To make the most of each type, you want to align your goals and expectations in accordance with the specificity of the conference.

Geography-Specific Conferences

While there are some conferences that are as close to being “transnational” as a conference can be (Affiliate Summit is a great example) even they tend to lean more towards the geography where they are being held.

Additionally, with the rapid worldwide growth of the industry, we have a seen quite a number of new countries get their own affiliate marketing conferences. Russia, for example, which in 2011 had no industry conferences at all, had two in 2012, and five in 2013. Also, in 2013 we’ve seen new affiliate marketing shows spring up in China, Brazil, Greece, Czech Republic, and Spain. Naturally, if you have interest in geography-specific affiliate marketing you want to consider attending conferences held in respective geographies. Here are just a few 2014 examples (including a brand-new one in the Ukraine) the dates of which are already known:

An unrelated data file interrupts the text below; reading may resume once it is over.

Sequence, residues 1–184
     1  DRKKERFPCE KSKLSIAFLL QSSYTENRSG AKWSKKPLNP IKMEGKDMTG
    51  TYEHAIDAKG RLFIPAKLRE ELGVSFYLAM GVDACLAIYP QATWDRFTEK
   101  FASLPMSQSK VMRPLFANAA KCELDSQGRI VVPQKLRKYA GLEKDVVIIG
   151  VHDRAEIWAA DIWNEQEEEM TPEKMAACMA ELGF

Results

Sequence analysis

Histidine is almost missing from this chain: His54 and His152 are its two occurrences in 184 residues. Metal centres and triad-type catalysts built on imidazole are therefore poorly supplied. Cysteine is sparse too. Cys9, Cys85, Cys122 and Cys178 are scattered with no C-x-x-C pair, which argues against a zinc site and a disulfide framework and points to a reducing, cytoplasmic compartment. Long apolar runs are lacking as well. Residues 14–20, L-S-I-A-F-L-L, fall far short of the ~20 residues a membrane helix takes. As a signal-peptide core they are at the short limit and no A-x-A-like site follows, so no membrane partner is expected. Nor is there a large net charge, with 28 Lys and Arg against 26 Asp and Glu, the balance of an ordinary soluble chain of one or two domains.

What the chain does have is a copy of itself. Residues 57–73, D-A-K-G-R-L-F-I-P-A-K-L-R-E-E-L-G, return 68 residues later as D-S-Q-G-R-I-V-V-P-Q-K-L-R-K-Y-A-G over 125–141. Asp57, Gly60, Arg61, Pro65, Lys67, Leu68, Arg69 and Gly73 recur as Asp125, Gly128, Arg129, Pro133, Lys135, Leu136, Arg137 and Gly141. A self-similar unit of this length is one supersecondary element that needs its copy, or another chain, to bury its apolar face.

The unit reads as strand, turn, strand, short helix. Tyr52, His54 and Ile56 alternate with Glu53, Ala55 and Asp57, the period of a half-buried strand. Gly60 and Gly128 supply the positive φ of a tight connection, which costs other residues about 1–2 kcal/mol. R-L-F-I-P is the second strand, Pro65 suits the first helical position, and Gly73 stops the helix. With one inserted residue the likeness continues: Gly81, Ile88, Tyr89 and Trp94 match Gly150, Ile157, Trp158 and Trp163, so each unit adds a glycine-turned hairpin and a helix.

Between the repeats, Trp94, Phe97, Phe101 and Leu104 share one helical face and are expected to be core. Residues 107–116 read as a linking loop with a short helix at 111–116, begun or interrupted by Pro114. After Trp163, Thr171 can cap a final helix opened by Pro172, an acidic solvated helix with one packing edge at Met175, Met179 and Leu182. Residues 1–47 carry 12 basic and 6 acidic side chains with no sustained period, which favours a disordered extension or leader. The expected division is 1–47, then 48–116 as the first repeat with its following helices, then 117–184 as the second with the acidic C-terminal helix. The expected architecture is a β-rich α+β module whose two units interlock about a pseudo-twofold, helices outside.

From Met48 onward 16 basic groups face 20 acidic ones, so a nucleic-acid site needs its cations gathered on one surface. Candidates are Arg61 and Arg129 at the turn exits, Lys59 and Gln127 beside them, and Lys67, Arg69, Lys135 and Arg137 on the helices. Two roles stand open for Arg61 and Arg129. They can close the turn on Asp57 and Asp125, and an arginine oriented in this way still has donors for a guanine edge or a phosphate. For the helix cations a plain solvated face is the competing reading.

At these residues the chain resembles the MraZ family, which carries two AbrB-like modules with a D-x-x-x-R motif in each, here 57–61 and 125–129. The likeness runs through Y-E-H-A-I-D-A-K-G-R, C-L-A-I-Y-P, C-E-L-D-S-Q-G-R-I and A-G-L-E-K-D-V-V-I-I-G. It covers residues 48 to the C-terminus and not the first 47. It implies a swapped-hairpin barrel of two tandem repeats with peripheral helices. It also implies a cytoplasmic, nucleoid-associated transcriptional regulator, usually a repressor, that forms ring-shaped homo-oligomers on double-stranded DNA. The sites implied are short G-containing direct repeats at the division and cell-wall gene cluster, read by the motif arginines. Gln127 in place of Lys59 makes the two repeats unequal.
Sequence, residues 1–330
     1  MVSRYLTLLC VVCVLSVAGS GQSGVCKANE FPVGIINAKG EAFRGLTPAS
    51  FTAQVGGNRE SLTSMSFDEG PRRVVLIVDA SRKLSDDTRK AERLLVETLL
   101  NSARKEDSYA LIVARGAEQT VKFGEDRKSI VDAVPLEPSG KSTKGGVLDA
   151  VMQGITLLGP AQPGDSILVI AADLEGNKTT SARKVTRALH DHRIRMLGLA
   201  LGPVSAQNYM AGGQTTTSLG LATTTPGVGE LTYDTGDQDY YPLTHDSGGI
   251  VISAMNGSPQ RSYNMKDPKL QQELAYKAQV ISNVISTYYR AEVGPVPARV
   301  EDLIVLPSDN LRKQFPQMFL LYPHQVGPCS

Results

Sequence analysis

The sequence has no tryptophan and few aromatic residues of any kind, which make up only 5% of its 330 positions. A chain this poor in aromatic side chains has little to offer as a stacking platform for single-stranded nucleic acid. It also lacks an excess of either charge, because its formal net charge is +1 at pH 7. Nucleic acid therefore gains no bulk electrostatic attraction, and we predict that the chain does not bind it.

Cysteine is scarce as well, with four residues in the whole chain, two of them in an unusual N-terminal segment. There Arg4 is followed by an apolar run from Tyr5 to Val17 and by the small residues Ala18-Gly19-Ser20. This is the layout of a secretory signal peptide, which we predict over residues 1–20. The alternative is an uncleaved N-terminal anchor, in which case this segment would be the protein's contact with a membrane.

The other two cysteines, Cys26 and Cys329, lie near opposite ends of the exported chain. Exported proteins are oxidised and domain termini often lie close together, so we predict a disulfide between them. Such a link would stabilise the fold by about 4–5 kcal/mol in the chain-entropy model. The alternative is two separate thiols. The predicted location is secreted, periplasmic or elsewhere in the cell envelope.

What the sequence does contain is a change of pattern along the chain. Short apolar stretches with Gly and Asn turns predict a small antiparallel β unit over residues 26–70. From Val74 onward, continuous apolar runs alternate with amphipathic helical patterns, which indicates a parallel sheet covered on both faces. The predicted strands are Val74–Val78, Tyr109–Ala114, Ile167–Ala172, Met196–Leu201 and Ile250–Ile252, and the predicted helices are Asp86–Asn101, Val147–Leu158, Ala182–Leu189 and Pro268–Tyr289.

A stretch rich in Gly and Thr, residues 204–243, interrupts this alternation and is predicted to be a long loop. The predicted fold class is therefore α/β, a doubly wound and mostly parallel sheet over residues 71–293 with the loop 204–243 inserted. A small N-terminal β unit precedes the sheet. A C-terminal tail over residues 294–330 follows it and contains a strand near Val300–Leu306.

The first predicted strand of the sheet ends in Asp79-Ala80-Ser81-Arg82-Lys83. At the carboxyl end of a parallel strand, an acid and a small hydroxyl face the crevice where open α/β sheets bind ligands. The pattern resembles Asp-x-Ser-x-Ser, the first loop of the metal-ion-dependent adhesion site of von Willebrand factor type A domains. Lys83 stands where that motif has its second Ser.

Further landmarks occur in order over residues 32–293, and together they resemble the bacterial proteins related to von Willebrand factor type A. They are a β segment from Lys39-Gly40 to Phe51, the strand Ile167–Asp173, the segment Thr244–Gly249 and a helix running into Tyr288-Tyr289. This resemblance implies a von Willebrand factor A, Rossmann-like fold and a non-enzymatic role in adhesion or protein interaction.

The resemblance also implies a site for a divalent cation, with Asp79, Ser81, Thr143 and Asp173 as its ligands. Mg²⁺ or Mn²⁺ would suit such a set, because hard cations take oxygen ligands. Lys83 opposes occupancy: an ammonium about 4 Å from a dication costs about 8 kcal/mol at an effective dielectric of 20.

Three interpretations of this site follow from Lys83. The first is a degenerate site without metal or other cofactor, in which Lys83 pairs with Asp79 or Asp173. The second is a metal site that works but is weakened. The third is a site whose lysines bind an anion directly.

Subject-Specific Conferences

It is also important to understand that some of the affiliate marketing conferences are either narrowly thematic (or centered around a specific niche), focused on a specific marketing service (e.g.: lead generation) or targeting a specific subject (e.g.: affiliate program management). Needless to emphasize that if a specific topic or subject is of interest/important to your business you do want to put these on your calendar.

Here are some 2014 examples of such conferences:

Platform-Specific Conferences

Finally, there is a separate group of affiliate platform- or/and network-specific conferences. Unfortunately, the 2014 dates for many of these aren’t known yet, but below you will be able to find their names and links to their websites (I’ve arranged them in the chronological order based on what we’ve seen in the previous years):

Since 2009 I have been keeping a close eye on the industry’s conferences (even more so now that I’m running my own show). In the beginning of each year I am putting together a list of conferences to consider, and I am constantly updating it throughout the year. The list of 2014 may be found (and followed) here.